Prior to the termination of the quota system, the factory owner had boasted that he had no problems because the factory had “enough orders”. But, the worker explained, “the tune was later changed”. The owner “convened a meeting at the beginning of 2005 to warn employees about the abolition of quotas and to call for quality and speedy work to retain buyers. He repeated the warning in the middle of the year.”
In recent months, management has been slashing overtime payments, claiming that the factory was running at a loss, as well as paying wages late.
“Even though the salaries are due on the tenth day of each month, since the middle of last year workers have had to wait another few days or weeks. In the meantime they have to borrow to pay for bus fares to come to work and avoid shops where they have accumulated debts,” the worker explained.
When November’s wages were not paid by November 22, workers walked off. A small note was circulated among them, saying “[A]ren’t you ashamed to work even though you have not been paid your due wages!”
“As a last resort, angry employees refused to return to the machines and boycotted work after lunch that day. However, because we had no program or organisation, the action could not be continued for more than a few hours. We only got the salaries on November 26.”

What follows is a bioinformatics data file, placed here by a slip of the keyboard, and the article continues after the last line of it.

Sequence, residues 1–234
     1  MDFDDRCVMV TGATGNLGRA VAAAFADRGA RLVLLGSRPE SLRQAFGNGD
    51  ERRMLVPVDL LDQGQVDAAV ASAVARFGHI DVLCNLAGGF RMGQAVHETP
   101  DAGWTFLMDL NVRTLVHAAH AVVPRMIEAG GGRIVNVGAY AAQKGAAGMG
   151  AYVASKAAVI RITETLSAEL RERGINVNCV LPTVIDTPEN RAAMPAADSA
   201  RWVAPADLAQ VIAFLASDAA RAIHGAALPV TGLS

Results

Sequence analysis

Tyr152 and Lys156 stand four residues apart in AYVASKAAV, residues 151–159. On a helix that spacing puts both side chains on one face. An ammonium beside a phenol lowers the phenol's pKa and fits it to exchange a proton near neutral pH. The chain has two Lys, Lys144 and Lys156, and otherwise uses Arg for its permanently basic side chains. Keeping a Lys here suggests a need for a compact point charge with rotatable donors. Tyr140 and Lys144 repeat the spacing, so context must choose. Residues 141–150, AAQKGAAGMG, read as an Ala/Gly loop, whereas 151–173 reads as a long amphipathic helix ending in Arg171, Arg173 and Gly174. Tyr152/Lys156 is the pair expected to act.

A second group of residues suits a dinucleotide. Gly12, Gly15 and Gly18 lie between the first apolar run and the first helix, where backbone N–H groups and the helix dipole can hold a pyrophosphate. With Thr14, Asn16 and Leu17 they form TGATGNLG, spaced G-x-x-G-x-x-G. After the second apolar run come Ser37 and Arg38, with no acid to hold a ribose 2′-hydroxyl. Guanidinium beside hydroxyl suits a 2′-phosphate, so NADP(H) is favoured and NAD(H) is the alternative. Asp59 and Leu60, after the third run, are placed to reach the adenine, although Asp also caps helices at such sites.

Within two days of the strike, management sacked a female worker, accusing her of writing the note that sparked the protest. The company had no evidence but dismissed her in order to intimidate other employees. The walkout, however, points to the growing discontent among apparel workers not only in this factory but throughout the industry.Oppressive conditions
Conditions are already intolerable. Discussing the situation in the factory, the worker explained: “Most of the young workers are school dropouts, not because they are not good at studies but because they hardly had the means to continue their schooling.
“One 19-year-old worker told me that as she has three younger sisters, and her father’s income as a day-labourer was not enough to maintain the family. Her mother had to leave for the Middle East to work as a house maid. The young girl had to stop schooling half-way to earn a living. She treks 2-3 km from her village, Thambiligala, to the factory every day after preparing the meals for her sisters.”